Appalachian Ohio, Athens GA, Atlanta, Berkeley, Baltimore, Boston, Chicago, Cleveland, Columbia MO, Columbus, Des Moines, Durham & Chapel Hill, East Lansing, Fredericksburgh VA, Houston, Los Angeles, Muncie IN, New York City, NYU, Philadelphia, Pittsburgh, Plattsburgh, Richmond VA, San Francisco, Tucson, Twin Cities
I was with a group of friends and this girl referred to my other friend using “it”. It turned out this friend might be trans and the friend knew that when she said what she said.
Walking during the day to go have lunch with my sister I noticed a group of men following me yelling at me in another language. I understood and translated that they were harassing me. They followed me for a few blocks.
I started walking faster. I then found two older college aged girls sitting on the steps of a building just talking together. I approached them and said “hey girls so good to see you!” as if I knew these women as my own friends. I explained that I was being followed and they let me sit with them until the men passed me and walked around the corner. I am thankful that these women were protective and helpful.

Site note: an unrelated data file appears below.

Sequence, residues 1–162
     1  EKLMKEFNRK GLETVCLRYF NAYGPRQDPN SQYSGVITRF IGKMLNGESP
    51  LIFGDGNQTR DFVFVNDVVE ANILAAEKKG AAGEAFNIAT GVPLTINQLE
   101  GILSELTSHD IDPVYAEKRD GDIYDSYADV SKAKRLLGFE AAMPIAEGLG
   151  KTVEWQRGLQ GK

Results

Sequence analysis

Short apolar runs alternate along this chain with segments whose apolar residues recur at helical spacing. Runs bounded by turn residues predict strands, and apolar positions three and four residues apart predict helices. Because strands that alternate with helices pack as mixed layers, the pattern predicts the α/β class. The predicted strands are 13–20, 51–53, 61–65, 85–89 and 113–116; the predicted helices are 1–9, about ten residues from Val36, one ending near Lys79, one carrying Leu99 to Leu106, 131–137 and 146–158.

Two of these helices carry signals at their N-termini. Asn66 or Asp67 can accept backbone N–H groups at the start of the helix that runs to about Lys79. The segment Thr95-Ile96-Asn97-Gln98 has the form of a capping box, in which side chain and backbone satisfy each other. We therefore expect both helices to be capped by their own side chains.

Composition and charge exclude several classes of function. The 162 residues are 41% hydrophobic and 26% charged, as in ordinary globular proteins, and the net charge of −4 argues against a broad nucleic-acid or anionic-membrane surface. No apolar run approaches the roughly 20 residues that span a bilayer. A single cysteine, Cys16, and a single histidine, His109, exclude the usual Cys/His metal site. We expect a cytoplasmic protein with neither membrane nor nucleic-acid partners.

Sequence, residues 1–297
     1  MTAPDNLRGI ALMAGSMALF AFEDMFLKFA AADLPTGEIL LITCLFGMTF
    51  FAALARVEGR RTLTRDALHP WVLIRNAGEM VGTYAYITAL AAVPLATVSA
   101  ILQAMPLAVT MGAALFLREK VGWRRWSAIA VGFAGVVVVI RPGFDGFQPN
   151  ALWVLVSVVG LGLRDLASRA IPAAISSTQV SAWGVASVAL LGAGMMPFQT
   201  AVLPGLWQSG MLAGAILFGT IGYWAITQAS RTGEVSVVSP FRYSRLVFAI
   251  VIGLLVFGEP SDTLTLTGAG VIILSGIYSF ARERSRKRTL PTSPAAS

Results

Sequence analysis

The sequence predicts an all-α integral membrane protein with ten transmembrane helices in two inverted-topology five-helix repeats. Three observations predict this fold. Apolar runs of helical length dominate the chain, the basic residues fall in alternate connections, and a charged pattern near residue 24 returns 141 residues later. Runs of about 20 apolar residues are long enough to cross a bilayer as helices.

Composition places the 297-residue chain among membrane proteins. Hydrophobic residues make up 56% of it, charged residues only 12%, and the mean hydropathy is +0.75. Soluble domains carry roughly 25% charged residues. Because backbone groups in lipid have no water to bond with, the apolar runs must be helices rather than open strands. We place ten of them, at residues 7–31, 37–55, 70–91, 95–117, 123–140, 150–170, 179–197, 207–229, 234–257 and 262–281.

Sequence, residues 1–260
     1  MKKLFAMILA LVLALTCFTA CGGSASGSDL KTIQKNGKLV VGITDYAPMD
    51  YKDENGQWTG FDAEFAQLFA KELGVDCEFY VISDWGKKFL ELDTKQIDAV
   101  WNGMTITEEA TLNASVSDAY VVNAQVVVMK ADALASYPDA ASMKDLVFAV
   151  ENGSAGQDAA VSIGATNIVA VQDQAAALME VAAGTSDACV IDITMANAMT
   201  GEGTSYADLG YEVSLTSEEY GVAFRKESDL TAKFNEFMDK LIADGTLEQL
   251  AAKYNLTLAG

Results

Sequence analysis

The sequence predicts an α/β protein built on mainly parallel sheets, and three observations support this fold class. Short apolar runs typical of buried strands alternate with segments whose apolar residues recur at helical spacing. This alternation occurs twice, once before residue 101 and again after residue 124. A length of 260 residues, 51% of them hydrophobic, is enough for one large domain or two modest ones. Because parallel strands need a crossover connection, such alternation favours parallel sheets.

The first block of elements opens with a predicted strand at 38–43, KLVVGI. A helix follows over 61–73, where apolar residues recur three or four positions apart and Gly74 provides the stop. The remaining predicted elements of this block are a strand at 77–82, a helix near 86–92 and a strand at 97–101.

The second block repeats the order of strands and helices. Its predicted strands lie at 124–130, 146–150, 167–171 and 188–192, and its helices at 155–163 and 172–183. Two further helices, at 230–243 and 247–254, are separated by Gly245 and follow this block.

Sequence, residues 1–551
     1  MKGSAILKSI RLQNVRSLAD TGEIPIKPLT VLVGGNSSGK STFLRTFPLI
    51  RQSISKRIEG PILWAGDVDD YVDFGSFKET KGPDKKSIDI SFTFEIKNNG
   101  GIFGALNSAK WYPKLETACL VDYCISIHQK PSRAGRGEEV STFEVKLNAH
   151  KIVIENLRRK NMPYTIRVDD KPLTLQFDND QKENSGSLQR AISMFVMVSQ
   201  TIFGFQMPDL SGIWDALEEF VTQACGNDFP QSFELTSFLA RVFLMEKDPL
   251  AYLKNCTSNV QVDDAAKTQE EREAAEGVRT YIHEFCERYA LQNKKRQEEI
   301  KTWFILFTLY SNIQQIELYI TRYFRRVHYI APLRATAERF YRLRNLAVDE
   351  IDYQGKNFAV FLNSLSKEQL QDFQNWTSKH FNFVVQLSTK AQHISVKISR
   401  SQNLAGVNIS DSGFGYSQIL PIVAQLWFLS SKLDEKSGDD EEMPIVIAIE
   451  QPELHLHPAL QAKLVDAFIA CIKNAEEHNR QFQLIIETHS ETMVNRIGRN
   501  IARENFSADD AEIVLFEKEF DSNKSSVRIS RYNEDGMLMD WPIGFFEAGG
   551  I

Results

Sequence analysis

Walking to the train station, someone in a car slows down to wolf whistle at me, laughs and makes revolting ‘kissy’ motions at me when I flip him off.
Company vehicle, crowded street (with kids) and he knew he’d get away with it. This is the culture women have to put up with. Demeaning and dehumanizing.
An open letter to my street harasser (what I wish I’d said, and what I will say next time):
That was not a compliment. I’m gonna go out on a limb and guess that you give this kind of unsolicited feedback on the regular, so here’s a tip: what you might think is complimentary, someone else might perceive as deeply wounding and offensive. Especially when coming – unprovoked – from a complete stranger. Please think before you speak, and you might not hurt as many people. Then again, if you simply don’t care that what you say might make someone uncomfortable or self-conscious, then you’re just an utterly worthless piece of shit. There’s YOUR compliment.
Here’s what HOLLAs around the world have been up to:
Hollaback! Appalachian Ohio created valentines with students to be left all over Athens for random people to find. They also taught a 3 hour workshop to the Ohio University student group FUCKRAPECULTURE on presenting good workshops. They have plans to do another one with them on consensus based decision making, meeting facilitation, and campaign strategy.